Recruitment, retention and remuneration in dental offices

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Recruitment, retention and remuneration in dental offices

More and more dental offices are having difficulty finding new employees or keeping existing staff members. (Image: RossHelen/Shutterstock)

Wed. 3 July 2024


Recruitment, retention and remuneration have recently become a pressing matter in many dental practices in the UK. In this article, I will discuss leadership and management of teams, with a particular focus on younger team members. However, I want to emphasise that it is not an article about what is wrong with the younger generation of clinicians and team members. Instead, I aim to explore the underlying causes of current challenges and propose a few practical solutions.

The issue of the three Rs—recruitment, retention and remuneration—is currently populating my inbox, messages and conversations every week. These are some actual examples from my clients:

  • “Numerous adverts online, posts on social media and newsletters to patients have not generated a single enquiry for the employed position in our practice.”
  • “We recruited a new member for our front-of-house team. After the interview, references and paperwork, they failed to turn up on the first morning. When contacted later that week, we were informed that a pay increase at their original place of work had been accepted.”
  • “My new practice manager resigned after just three weeks, stating that he was unable to meet the demands of the position—even though the responsibilities were spelled out very clearly during the interview and induction process.”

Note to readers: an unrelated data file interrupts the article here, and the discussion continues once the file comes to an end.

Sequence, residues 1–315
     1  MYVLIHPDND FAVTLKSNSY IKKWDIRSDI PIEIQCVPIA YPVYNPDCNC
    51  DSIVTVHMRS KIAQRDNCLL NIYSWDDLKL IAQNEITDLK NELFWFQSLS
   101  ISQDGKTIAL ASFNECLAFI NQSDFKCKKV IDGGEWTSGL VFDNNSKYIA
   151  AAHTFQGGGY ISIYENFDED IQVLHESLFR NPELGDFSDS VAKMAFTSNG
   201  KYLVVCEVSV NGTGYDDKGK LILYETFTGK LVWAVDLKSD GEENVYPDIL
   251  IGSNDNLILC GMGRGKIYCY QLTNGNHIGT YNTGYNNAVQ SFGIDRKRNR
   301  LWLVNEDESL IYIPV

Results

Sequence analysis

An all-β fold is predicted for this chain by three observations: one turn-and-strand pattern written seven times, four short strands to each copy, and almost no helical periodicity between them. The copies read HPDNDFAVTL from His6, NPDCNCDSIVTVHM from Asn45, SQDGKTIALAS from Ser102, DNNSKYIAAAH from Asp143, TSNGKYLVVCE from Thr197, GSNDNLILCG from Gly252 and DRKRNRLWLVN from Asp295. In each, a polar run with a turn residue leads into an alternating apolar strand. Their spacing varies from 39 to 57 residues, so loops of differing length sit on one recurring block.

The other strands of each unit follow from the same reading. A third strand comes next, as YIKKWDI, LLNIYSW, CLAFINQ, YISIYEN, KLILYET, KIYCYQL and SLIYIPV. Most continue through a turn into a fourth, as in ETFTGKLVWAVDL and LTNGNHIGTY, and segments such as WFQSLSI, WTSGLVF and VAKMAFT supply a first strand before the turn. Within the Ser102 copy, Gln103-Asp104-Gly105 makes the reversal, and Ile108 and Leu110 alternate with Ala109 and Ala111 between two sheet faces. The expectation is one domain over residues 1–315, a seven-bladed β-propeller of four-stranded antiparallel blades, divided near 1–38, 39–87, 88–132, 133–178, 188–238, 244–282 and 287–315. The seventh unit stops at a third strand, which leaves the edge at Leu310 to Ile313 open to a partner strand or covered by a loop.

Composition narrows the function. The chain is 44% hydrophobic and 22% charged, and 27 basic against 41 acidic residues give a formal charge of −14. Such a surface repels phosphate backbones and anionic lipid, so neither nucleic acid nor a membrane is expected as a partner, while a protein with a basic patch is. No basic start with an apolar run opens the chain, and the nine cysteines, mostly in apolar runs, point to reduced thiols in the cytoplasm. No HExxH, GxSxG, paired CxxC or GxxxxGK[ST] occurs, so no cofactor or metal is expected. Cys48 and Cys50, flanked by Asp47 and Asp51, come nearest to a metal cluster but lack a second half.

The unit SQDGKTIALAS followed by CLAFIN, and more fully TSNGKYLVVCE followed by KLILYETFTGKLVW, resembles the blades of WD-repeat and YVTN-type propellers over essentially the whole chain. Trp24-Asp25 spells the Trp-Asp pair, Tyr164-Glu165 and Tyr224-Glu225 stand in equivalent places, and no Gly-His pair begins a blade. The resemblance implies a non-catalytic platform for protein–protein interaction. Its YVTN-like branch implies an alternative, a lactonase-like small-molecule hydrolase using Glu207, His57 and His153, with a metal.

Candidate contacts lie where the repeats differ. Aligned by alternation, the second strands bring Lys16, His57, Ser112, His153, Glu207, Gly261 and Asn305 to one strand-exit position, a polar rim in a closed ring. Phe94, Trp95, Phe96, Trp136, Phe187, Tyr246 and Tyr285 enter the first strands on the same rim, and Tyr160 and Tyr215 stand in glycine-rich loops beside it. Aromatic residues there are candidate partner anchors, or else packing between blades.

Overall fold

• “My dental associate has requested flexible hours to accommodate childcare, wants to drop from four to three days a week and is asking for an upward review of their remuneration package.”
  • “Our dental hygienists have formed an unofficial committee and have sent me screenshots of social media sites on which hygienist pay scales much higher than ours are being posted. They are demanding a review.”
  • “Dental nurse wages in the area are on a steep climb, and I simply cannot afford to keep up, given the current financial position of the business.”

I could go on—this is just a sample—but I suspect that by now you get the picture. If none of these conversations reflect what is going on in your business, then congratulations—although I am tempted to add “just you wait!”. If you hear echoes of what is being said in your staff rooms and corridors (as well as on WhatsApp into the dead of night), then join the club.

Why is it that the three Rs have recently become a burning issue? In the UK, I think we can start with Trussonomics and the cost-of-living cycle, events that have left many people less well off than they have been for a very long time. As a 70-year-old empty nester, I have been only marginally affected by the inflation and geopolitical crises that have changed the basics for many. However, as a father of five adult children and grandfather of five grandchildren, I understand the pressures.

As a dental consultant, I advise my clients how to best navigate this cycle. As I said at the beginning of this article, there is nothing to be gained by blaming the youth of today for having less resilience or different priorities than we may have had in earlier decades—today is where we are, and we must “take the current when it serves or lose our ventures”. As a result, I am advising my clients to remember these wise words that “all problems exist in the absence of a good conversation”.